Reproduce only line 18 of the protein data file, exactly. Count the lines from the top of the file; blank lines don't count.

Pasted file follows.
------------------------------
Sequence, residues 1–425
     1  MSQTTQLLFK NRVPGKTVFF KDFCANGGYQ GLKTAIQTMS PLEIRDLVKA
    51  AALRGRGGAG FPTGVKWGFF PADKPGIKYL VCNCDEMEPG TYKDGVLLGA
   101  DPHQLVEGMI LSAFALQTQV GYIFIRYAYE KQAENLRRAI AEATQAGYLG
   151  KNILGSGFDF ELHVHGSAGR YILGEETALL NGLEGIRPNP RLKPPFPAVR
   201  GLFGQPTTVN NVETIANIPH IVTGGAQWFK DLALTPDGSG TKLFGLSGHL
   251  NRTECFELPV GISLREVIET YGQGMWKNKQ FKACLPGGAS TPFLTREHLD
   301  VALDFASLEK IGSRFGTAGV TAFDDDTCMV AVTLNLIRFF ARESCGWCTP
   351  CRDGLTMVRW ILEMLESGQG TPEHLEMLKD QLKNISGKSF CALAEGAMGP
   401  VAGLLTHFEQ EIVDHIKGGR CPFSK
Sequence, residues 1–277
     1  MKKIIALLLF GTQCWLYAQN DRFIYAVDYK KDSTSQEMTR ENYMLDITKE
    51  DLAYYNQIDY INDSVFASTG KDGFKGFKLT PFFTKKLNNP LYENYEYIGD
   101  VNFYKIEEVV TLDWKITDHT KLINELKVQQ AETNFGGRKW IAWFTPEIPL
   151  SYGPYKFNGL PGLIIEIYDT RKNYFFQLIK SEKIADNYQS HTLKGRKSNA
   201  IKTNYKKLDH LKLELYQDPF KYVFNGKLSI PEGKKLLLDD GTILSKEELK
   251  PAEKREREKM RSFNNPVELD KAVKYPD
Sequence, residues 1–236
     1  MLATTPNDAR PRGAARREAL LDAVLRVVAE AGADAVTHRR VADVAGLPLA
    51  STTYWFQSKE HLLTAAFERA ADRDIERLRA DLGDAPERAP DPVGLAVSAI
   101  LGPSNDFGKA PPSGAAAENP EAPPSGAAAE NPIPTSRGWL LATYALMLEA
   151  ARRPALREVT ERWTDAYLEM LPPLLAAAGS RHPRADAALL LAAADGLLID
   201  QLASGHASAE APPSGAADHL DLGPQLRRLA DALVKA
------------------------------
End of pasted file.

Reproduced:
Sequence, residues 1–236